Meat snacks come in all shapes, sizes and flavors. Tyson Innovation Lab, the Chicago-based team of Tyson Foods Inc., tasked with bringing new consumer products to market in just six months, now shows us that meat snacks can help address food waste with the introduction of Yappah!


Given the scale of the food waste problem, Tyson Innovation Lab sought partnerships with like-minded food companies. Together they developed Yappah! Protein Crisps, which is a chicken-based snack crafted from rescued and upcycled vegetable and grain-based ingredients that might otherwise be left behind. The brand name was inspired by a tradition in the South American Andes called “yapa,” which refers to the little something extra a merchant gives to a valued customer so that nothing gets wasted. 


“The Yappah! brand mission is unique, important and far-reaching,” says Rizal Hamdallah, head of Tyson Innovation Lab. “The brand was created to inspire people and partners to rethink their relationship to food and how it impacts society. Through this launch, we intend to address global food challenges such as food waste.


“With the Protein Crisps we are taking forgotten ingredients and crafting them into a delicious protein snack,” Hamdallah says. “For the Yappah! brand, sustainability is not an add-on, it’s our DNA. Fighting food waste is just the beginning.”


The statistics behind food waste are overwhelming. In the US, nearly one-third of all food used in food production ends up as waste, according to the Food and Agriculture Organization of the United Nations. The average person wastes 3.5 lbs. of food per week and uneaten food equates to Americans throwing out as much as $218 billion each year, most of which ends up rotting in landfills where it emits harmful greenhouse gases.


Tyson Foods provides upcycled chicken breast trim that is still full of flavor and protein and combines it with either rescued vegetable puree from juicing or rescued Molson Coors spent grain from beer brewing to create the line’s four flavors, which are: chicken carrot curry, chicken celery mojo, chicken IPA white cheddar and chicken shandy beer.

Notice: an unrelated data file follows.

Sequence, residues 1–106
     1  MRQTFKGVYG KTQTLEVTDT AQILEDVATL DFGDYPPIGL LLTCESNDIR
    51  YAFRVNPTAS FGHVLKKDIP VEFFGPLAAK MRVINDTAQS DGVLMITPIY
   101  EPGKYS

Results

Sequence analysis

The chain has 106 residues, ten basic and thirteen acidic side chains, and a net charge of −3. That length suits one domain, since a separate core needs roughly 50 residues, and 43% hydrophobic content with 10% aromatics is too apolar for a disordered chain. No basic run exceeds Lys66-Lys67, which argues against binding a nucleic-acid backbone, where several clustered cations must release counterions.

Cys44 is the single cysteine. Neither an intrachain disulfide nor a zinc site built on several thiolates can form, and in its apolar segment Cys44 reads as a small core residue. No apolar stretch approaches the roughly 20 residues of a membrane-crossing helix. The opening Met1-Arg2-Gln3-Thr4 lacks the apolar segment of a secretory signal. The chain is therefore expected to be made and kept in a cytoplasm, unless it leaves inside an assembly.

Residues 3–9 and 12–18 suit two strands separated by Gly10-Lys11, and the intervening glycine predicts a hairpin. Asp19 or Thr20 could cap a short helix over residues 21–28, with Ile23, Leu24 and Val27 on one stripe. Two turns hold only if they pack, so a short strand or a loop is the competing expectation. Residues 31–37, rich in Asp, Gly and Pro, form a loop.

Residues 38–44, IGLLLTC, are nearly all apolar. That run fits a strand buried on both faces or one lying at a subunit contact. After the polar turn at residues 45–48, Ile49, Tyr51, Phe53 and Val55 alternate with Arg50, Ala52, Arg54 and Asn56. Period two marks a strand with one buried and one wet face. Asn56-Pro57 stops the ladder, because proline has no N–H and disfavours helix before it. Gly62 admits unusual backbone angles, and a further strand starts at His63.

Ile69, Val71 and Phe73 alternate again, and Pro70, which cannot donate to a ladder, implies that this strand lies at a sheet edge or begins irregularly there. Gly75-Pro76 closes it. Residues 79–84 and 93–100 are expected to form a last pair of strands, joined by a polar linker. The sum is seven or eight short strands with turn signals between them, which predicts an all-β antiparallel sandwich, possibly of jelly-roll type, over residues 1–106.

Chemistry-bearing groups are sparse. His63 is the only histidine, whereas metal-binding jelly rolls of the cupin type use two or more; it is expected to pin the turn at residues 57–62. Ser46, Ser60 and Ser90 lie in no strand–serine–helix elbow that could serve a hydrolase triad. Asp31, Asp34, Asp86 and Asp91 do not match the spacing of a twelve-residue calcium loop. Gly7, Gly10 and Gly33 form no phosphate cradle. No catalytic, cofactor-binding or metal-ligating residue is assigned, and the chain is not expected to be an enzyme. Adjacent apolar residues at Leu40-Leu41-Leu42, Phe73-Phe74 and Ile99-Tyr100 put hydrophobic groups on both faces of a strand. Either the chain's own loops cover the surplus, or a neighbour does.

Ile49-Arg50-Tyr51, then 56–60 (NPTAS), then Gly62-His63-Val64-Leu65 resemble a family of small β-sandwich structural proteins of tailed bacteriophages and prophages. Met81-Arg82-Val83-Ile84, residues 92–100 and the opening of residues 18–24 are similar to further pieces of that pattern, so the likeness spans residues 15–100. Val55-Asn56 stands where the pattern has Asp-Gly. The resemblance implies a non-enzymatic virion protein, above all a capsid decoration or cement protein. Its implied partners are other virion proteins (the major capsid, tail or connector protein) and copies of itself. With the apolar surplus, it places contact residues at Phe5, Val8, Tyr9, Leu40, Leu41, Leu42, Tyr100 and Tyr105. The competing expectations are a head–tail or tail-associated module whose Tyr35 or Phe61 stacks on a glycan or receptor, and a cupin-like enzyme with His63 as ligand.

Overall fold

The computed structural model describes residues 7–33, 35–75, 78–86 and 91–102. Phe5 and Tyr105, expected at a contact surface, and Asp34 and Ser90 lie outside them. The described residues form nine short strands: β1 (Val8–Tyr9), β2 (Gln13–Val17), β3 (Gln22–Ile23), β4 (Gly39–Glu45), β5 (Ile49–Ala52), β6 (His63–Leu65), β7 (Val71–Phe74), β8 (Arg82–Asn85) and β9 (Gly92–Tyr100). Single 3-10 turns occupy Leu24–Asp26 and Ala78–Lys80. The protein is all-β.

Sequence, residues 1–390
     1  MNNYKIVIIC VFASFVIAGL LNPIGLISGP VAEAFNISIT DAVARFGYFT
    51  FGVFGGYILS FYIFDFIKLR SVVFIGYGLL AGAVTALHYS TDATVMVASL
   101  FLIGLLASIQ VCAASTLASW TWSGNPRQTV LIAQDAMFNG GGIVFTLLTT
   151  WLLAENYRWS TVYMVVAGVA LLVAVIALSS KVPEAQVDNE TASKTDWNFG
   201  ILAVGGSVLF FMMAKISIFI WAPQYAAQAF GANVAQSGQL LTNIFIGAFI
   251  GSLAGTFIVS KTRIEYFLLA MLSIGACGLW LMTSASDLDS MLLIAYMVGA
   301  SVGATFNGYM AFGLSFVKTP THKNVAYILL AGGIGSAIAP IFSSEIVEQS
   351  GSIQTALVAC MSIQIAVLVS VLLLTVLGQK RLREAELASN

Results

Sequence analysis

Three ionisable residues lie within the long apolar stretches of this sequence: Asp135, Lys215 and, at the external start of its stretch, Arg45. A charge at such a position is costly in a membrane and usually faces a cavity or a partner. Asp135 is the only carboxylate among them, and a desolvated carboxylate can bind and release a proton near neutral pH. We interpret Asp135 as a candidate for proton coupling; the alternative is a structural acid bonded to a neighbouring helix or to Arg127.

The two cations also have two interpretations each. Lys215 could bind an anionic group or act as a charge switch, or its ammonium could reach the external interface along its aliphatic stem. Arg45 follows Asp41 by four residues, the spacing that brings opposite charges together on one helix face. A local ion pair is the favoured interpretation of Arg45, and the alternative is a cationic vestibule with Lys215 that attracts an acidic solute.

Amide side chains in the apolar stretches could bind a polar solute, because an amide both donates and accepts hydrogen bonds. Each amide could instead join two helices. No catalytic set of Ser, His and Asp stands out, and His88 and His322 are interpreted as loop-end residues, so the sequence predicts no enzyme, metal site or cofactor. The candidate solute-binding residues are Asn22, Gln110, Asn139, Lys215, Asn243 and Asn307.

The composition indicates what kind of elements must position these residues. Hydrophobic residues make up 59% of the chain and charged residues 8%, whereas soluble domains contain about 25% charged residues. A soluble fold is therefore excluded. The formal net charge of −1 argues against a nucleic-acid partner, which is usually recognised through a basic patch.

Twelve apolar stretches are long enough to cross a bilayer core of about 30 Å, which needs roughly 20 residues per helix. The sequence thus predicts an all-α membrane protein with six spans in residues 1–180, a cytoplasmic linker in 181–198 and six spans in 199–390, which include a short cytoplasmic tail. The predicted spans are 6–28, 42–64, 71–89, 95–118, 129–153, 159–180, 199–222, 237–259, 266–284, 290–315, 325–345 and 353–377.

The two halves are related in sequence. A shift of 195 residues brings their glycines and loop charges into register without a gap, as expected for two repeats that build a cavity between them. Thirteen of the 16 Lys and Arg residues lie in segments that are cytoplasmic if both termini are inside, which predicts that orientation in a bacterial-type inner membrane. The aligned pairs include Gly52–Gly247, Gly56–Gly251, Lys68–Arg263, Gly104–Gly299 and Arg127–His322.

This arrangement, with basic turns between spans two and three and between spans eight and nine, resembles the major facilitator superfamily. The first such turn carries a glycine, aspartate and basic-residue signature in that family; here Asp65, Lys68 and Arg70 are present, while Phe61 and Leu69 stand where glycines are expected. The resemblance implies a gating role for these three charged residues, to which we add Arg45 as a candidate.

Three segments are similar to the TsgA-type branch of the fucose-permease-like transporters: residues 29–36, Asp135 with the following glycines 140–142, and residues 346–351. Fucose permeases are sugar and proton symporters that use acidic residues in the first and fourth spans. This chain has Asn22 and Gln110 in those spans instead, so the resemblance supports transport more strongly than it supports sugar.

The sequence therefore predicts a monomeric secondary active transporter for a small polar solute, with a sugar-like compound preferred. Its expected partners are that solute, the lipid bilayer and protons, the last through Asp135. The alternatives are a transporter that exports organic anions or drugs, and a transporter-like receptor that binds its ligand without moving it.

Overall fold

“This collaboration is consistent with our sustainable brewing priorities to address waste,” says David Durkee, senior director of research and development and innovation for Molson Coors, Denver. “There is great potential to upcycle our spent grains into amazing products and this is a key area of development for our innovation team.”


Chef Kang Kuan, executive chef at Tyson Innovation Lab, a Michelin-Star restaurant-trained professional, says, “We wanted to be ingredient driven in order to create a flavorful snack that people would absolutely love. I was thrilled by the opportunity to source forgotten ingredients and compose them into something more flavor nuanced and protein-filled than typical snack foods. People might not realize that vegetable pulp left behind during juicing is arguably better and richer tasting than the juice itself, and spent grain is surprisingly delicious. So, we had these amazing flavors to work with.”


Testing, evaluating and iterating is integral to the Tyson Innovation Lab approach. As such, Tyson Innovation Lab launched Yappah! Protein Crisps on the Indiegogo crowd-funding platform on May 31. This will be followed by a 90-day pilot at one Chicago-based supermarket in July.


“We think a chef-composed snack is a groundbreaking idea but are cognizant that products fighting food waste are in their nascent stages,” says Santiago Proaño, brand lead, Tyson Innovation Lab. “Indiegogo is a great channel for testing since consumers on the platform are known for being early adopters of new to the world ideas and products. We want to connect directly with this enthusiastic community that cares about creating better food. Their reaction to the product, and their engagement with us, will help us get ready for what we hope will be a much broader rollout.”